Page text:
Despite being laden with Euros, the parishioners were able to convert their spending money back into Sterling and spend seven days walking around Easons, Waterstones, Bow Street Mall and join the Aviation Society before travelling back to Gortin with tales galore.
A DVD of the Lisburn pilgrimage will be available on April 1st, retailing at £19.99.
The mystery of a dozen election posters of West Tyrone Independent Roisin Fogarty, which mysteriously went missing during the recent campaign, was finally solved yesterday when Gortin bachelor Jim Keenan (44) returned the stolen items to the politician’s office.
Keenan, once voted Gortin’s Most Eligible Bachelor in a two-way tie with 81-year old uncle Paddy Keenan, admitted he used the posters as a source of comfort and was ‘practising for a wife down the line’.
The twelve posters were strategically placed in various rooms and positions including watching TV, ironing, arguing, drinking wine, in the shower and on the treadmill amongst other places. The Gortin mechanic super-glued the posters to mop sticks he bought at a market years ago, sometimes adorning the sticks with dresses and outfits his grandmother left behind. Keenan explained his theft:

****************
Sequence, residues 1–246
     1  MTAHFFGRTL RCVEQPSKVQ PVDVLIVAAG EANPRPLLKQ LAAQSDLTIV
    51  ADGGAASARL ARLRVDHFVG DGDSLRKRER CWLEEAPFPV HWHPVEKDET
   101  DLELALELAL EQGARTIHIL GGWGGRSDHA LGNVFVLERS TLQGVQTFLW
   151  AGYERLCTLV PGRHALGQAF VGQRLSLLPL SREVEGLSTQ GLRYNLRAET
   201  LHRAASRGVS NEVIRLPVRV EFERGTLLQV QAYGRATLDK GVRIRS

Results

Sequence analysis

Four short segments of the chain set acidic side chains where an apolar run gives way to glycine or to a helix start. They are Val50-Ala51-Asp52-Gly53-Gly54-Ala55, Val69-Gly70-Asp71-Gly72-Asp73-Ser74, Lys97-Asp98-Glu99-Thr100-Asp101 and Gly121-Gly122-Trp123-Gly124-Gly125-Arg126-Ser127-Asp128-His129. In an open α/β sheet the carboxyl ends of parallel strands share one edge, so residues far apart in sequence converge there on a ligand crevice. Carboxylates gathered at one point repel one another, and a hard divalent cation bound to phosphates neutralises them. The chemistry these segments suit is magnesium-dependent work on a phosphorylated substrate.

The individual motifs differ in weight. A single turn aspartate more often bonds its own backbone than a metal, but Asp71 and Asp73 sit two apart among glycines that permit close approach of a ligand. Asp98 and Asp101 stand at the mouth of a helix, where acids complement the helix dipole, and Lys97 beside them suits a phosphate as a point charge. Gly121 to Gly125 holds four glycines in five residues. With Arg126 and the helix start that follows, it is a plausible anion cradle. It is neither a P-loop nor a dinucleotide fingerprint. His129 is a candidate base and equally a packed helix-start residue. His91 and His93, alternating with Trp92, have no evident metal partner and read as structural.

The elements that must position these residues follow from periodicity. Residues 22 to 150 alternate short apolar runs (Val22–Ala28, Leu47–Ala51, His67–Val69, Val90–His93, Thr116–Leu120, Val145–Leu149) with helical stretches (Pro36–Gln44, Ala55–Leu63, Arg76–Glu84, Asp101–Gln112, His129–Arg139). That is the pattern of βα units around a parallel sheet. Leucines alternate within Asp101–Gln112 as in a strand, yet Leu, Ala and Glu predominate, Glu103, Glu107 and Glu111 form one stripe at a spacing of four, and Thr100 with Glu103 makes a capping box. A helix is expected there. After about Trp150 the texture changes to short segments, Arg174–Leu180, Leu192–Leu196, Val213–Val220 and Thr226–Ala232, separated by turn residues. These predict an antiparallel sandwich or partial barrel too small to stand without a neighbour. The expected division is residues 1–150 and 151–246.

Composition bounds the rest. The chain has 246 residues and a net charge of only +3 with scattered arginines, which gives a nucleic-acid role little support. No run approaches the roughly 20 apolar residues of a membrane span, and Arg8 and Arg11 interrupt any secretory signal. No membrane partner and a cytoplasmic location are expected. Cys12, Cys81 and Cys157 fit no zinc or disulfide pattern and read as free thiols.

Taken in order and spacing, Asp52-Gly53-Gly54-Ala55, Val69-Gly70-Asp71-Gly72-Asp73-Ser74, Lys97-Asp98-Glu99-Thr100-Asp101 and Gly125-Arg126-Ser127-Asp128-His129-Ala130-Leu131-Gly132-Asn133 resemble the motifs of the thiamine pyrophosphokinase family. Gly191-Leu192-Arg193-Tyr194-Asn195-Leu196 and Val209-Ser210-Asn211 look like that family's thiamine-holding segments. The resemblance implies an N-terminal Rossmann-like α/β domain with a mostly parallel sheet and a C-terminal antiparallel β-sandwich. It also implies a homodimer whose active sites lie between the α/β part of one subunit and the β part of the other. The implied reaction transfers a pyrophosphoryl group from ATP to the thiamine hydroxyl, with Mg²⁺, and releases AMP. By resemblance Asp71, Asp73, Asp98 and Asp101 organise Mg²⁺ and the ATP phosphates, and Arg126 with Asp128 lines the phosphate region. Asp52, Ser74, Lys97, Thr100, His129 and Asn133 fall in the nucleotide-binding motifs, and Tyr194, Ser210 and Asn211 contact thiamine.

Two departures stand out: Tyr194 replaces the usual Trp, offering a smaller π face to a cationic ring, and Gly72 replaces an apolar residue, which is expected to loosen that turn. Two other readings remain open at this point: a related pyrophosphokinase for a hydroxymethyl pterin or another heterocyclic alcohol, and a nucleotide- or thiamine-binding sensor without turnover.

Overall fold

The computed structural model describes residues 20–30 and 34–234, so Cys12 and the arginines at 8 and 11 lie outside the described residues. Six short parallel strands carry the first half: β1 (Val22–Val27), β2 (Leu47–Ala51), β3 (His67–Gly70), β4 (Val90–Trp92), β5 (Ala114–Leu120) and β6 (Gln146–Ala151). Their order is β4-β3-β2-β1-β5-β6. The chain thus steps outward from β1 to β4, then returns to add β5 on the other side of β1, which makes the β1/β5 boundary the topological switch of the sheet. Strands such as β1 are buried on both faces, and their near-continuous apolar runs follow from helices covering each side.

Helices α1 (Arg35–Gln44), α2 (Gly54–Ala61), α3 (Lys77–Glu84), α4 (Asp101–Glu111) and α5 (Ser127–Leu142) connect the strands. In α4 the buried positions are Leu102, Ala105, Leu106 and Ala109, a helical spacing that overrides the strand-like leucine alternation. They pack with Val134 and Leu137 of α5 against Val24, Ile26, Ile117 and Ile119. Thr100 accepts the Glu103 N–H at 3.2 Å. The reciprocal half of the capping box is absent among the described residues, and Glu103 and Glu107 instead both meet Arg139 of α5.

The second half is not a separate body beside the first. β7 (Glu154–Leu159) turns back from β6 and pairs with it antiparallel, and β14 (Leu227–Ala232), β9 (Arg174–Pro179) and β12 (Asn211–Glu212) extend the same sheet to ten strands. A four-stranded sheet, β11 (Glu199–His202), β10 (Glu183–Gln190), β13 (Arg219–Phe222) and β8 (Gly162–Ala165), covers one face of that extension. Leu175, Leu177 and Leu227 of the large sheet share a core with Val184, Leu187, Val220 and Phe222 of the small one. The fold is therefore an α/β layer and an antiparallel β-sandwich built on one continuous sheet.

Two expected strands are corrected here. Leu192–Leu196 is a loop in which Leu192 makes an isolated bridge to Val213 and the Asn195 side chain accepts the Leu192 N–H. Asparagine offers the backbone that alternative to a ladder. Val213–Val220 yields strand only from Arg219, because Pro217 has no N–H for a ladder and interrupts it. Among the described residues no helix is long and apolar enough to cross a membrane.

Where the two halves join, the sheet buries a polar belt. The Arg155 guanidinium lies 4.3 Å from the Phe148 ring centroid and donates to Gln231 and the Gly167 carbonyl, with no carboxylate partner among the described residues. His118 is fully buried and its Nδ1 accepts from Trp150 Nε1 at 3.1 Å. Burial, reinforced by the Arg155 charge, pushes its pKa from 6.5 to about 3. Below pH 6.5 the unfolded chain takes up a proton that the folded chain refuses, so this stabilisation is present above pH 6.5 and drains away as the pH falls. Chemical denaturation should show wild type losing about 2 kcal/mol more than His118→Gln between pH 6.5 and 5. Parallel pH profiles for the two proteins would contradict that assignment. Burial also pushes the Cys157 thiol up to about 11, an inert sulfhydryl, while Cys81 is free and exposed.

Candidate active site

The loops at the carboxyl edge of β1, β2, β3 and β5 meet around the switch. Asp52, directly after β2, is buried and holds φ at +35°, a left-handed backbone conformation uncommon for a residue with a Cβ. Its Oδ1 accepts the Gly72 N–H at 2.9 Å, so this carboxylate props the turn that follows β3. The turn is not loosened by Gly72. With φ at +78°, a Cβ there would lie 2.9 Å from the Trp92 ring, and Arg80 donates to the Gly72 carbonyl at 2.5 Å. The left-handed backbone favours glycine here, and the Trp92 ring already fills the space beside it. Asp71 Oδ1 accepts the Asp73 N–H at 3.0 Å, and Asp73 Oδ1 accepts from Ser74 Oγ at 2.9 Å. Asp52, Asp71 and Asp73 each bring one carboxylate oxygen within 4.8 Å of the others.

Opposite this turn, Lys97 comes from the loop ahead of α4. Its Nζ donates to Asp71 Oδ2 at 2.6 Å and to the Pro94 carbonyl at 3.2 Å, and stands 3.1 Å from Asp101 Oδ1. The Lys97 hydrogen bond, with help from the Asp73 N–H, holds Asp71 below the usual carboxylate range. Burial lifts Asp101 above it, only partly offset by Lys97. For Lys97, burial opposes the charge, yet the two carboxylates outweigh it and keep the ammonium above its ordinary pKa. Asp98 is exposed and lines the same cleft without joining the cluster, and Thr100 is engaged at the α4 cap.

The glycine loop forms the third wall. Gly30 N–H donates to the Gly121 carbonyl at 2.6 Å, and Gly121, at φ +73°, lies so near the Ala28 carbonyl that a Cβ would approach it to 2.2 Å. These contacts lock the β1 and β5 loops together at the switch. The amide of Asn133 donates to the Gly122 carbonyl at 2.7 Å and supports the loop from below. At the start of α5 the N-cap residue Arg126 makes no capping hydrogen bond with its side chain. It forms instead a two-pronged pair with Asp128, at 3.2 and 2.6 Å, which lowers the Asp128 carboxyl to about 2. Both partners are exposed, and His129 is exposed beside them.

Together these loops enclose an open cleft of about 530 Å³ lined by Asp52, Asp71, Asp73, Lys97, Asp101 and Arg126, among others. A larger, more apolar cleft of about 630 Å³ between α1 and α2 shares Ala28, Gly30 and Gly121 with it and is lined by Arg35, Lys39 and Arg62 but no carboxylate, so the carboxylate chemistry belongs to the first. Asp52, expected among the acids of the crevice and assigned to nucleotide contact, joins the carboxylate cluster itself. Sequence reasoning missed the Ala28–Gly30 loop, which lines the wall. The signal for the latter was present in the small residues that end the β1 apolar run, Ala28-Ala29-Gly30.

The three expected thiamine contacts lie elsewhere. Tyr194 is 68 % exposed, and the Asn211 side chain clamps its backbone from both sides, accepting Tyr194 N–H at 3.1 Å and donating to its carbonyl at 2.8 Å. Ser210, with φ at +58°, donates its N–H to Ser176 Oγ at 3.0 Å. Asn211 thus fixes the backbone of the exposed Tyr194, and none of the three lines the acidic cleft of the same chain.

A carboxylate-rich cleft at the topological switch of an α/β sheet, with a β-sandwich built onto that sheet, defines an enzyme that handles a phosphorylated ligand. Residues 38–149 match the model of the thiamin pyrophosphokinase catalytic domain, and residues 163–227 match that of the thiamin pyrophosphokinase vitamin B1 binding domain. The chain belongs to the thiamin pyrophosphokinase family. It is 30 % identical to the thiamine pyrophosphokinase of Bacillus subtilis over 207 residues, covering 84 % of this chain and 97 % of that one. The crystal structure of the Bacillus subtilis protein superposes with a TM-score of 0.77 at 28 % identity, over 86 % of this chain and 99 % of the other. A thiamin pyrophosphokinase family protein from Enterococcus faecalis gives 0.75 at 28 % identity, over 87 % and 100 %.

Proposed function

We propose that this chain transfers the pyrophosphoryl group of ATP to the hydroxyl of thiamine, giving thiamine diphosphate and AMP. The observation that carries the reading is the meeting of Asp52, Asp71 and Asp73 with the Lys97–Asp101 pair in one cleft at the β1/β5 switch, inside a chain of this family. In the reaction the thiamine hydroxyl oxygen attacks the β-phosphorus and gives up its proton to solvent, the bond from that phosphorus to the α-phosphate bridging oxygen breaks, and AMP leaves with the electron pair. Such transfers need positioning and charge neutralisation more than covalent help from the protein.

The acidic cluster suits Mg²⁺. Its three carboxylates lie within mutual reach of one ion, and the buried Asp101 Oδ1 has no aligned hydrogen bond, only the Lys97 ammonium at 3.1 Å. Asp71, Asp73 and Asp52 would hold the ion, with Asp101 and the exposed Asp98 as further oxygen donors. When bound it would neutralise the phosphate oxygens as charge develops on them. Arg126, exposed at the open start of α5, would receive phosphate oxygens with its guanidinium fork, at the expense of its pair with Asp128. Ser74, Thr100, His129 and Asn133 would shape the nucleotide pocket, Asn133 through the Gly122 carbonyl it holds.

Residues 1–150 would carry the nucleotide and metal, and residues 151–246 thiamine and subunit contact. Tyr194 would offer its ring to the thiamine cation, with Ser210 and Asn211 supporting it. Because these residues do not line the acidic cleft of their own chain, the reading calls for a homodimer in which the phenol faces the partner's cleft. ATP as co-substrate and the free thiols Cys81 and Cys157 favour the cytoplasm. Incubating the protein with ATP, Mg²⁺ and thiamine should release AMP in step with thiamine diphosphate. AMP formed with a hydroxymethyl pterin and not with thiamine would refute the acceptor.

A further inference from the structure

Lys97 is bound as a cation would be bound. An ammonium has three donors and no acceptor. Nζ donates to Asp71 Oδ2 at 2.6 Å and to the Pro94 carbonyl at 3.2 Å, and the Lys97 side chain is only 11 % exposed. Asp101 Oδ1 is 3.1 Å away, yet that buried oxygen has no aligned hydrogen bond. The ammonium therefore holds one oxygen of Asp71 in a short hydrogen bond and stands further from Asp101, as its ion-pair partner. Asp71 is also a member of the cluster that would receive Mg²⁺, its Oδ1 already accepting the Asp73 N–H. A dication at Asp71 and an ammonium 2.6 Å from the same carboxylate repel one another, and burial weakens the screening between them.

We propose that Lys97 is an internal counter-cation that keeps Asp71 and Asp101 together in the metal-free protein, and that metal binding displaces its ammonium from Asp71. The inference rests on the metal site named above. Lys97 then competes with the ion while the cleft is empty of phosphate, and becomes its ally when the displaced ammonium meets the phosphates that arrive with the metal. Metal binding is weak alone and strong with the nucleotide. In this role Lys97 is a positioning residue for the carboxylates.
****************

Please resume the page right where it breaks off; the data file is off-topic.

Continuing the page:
“Roisin would be the sort of woman I’d be after. Smart, cross, big arms and red-haired. I thought I’d get a bit of practice in before I go looking for a real woman. Any room I turned she was there, evening hoovering on the stairs. We had some deadly craic telling stories but she’s feisty enough too and gave me some rollicking after rolling home late a few nights from Mossey’s.”
Close friend and fellow single woman-hunter Harry King admitted he considered stealing a few posters as well but could only find a couple of DUP men still up:
“It was a brilliant idea. I’d come around for cup of tea and there’d be Roisin washing away at the dishes or when I went to the toilet she’d be in the shower though she was horribly soggy after a few days there. The only problem was when you’d met the real Roisin on the street and thank her for the soda bread this morning and she’d give you a quare look. That’s the thin line between reality and fiction.”
Gortin Community Group are currently counselling Keenan.
The bi-annual change of clocks brought havoc throughout Tyrone once again, amidst mass confusion as well as some confrontational scenes.